TODAY'S PAPER
32° Good Evening
32° Good Evening
SportsBasketballKnicks

Mudiay's foul costly as Knicks fall to Bulls in double overtime

Foul with :00.2 remaining in second extra session sends Bulls to line for winning free throw.

Knicks guard Emmanuel Mudiay looks on after a

Knicks guard Emmanuel Mudiay looks on after a loss in double overtime to the Bulls at Madison Square Garden on Monday. Photo Credit: Jim McIsaac

The Knicks began the game with the youngest lineup in the franchise’s history. By the time the game ended it was past their bedtime.

In theory it is nice to talk about a process and a youth movement. And then sometimes you have to watch. With injury and intention dictating, Knicks coach David Fizdale tossed out a new starting lineup and for much of the night the team played just the way you would expect — misfiring from all angles, turnovers and inexplicably inept play. And also, in small bursts, highlights.

But after a hard to watch learning curve for much of the night and thanks in no small part to the play of the opposition on this night, an equally inept Chicago Bulls squad, the Knicks found a way to push the game into overtime, a second overtime and to the final second of that extra session. But Emmanuel Mudiay fouled Zach LaVine with two-tenths of a second left and the Bulls guard hit a free throw for his 41st point and a 116-115 Bulls win at Madison Square Garden.

With Tim Hardaway Jr. active, but never removing his warmup suit, Fizdale inserted Allonzo Trier into the starting lineup alongside Frank Ntilikina, Damyean Dotson, Mitchell Robinson and Noah Vonleh. It was far from the best Knicks lineup, but it was the youngest one in team history according to Elias Sports, an average age of 22 years and 100 days. 

That beat out the lineup from January 19, 2006 — 23 years and 73 days — that included David Lee, Eddy Curry, Jamal Crawford, Nate Robinson and Channing Frye. The Knicks might be content if the current youth came close to the careers of that quintet.

The highlights were outnumbered by the players stepping out of bounds and in extended viewing it was easy to see why these teams came in with a combined five wins. With 10 additional minutes of trading baskets, air balls and errors, it seemed appropriate that with a chance to tie they got a misfire from Trier and then had the ball stolen away, setting up the Bulls final chance. 

Trier, inserted into the starting lineup for a night, finished with 21 points, but struggled much of the night. He came up with a game-tying three in the final minute of regulation, where he had another chance to win it. Trier tried again as the clock was running down in the first overtime, this time having a drive swatted out by Robin Lopez. Mudiay tried to lob an inbounds pass to Enes Kanter, who provided 23 points and 24 rebounds off the bench. But Justin Holiday swiped the pass, calling time with 2.8 seconds left.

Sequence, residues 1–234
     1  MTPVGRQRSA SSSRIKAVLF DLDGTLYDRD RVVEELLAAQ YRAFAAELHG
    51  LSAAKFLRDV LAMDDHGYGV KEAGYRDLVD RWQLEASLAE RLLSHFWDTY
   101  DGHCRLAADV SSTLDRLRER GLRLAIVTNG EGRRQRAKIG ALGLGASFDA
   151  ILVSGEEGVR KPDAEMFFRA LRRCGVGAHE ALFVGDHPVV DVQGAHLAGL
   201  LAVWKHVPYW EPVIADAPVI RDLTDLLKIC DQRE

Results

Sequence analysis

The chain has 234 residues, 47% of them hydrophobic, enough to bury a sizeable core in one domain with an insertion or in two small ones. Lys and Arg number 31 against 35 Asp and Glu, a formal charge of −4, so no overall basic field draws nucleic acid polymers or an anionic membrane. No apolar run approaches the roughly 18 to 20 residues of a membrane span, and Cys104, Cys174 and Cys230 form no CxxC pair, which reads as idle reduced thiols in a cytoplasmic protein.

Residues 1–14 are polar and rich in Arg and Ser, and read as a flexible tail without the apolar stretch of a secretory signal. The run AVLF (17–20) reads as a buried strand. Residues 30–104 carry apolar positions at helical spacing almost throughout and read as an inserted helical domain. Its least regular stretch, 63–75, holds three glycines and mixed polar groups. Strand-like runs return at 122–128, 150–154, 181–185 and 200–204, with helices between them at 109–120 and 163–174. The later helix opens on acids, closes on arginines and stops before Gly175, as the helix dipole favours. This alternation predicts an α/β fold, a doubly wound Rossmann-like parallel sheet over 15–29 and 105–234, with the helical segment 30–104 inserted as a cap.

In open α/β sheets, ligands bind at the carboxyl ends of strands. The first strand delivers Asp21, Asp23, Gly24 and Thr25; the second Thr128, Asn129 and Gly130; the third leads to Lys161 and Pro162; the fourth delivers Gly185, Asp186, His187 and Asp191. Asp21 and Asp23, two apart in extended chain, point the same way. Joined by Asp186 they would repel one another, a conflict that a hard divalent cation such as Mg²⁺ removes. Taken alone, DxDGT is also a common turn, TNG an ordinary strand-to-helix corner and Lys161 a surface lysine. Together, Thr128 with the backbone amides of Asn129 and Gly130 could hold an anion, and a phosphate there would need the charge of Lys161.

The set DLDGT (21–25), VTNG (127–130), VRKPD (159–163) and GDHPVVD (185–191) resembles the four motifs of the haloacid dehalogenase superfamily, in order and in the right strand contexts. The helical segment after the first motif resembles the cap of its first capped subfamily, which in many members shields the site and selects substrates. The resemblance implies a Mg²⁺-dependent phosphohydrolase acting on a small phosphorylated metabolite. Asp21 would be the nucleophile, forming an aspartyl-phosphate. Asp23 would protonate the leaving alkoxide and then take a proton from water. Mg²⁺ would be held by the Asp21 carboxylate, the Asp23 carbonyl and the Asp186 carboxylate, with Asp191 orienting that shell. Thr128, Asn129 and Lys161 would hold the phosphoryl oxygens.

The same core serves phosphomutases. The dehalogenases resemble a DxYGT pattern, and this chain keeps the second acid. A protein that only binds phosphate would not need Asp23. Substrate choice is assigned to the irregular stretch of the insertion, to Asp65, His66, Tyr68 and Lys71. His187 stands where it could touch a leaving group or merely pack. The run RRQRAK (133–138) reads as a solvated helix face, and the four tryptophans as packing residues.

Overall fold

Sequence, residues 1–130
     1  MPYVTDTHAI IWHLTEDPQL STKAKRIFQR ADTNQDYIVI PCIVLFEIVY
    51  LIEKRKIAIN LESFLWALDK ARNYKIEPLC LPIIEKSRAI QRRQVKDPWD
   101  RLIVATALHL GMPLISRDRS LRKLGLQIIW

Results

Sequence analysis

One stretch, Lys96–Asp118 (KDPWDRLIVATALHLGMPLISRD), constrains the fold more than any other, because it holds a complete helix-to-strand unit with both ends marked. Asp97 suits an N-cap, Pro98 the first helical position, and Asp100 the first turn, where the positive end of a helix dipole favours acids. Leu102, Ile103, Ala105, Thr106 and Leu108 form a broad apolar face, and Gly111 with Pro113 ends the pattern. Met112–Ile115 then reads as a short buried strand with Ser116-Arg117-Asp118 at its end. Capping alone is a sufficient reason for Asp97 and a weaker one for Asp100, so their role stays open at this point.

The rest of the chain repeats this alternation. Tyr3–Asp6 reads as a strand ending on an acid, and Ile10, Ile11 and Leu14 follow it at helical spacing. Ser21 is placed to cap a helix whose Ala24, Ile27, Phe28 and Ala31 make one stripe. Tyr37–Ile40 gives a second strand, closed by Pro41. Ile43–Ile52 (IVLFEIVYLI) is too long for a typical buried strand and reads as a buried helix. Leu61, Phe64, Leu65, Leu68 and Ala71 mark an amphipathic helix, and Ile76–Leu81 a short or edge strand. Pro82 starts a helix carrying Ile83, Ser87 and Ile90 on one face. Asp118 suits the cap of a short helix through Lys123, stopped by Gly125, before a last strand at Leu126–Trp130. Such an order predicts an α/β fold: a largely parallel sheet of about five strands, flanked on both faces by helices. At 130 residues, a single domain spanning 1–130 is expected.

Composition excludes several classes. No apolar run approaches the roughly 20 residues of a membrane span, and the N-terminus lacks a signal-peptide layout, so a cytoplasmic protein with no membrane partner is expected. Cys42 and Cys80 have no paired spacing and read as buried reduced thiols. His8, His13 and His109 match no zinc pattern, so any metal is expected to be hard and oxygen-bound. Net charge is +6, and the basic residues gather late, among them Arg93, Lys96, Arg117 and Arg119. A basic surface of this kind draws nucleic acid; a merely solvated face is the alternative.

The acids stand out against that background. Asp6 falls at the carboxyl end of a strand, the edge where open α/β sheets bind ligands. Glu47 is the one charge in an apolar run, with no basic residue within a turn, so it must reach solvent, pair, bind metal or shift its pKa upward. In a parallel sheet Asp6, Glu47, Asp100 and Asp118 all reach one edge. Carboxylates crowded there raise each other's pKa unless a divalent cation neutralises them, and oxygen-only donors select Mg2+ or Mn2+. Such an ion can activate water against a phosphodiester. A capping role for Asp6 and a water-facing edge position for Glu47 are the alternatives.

“The first one I thought I had a really good look,” Trier said. “Probably if I took my time a little bit more I probably could have got fouled. But I raised up, I got a shot that I usually make. It didn’t go down. The second one was tough. I tried to turn the corner and they made a great defensive play, came over and stopped it. Unfortunate plays.”

If the repeated attempts from the Knicks seemed inept, the Bulls couldn’t get a shot off as the inbounds pass went to LaVine who stepped out of bounds. The Knicks best effort was a three-point heave from Kanter, which by that point seemed good as anything else and didn’t miss by much.

The Knicks had announced before the game that Hardaway was available, but he never came close to entering the game. Kevin Knox, who had sat out the last seven games after suffering a sprained left ankle, was also declared available after getting cleared by team doctors. He entered the game in the second quarter, played five minutes and never came back on the floor.

Before Trier finished a twisting drive to the rim with 5:17 remaining, three starters — Ntilikina, Trier and Robinson had been a combined 0-for-14 from the floor. But Trier’s bucket still closed the gap to 91-89 as the Bulls weren’t much better most of the night. 

Trey Burke then tied the game at 93-93 with 4:14 left. Mario Hezonja misfired from three with a chance to give the Knicks the lead and LaVine (41 points) countered with back to back three-point field goals, sending the Knicks to a timeout with 2:55 to play, down 99-93. A pair of free throws from Trier and a follow from Dotson cut it to two again, but LaVine delivered again with a three-pointer, giving him 31 points on the night to push the lead back to five with 2:02 remaining.

Trier went to the line again for two free throws and after LaVine missed from three, Dotson found Trier open on the arc and the rookie drained the three-point field goal to tie the score at 102 with 48 seconds left.

“We’re going to keep chopping this tree,” Fizdale said. “We’re going to get over this hump. I see great character in this team and the way they bring it every single night no matter who’s on the court for us, no matter who’s healthy. These guys really compete and yes, that was one of the challenges I issued here coming in on a back to back, tough loss. You gotta leave it behind us. Can we come in here and take care of business tonight? I thought we brought a winning effort. We just didn’t get over the hump.”

T


New York Sports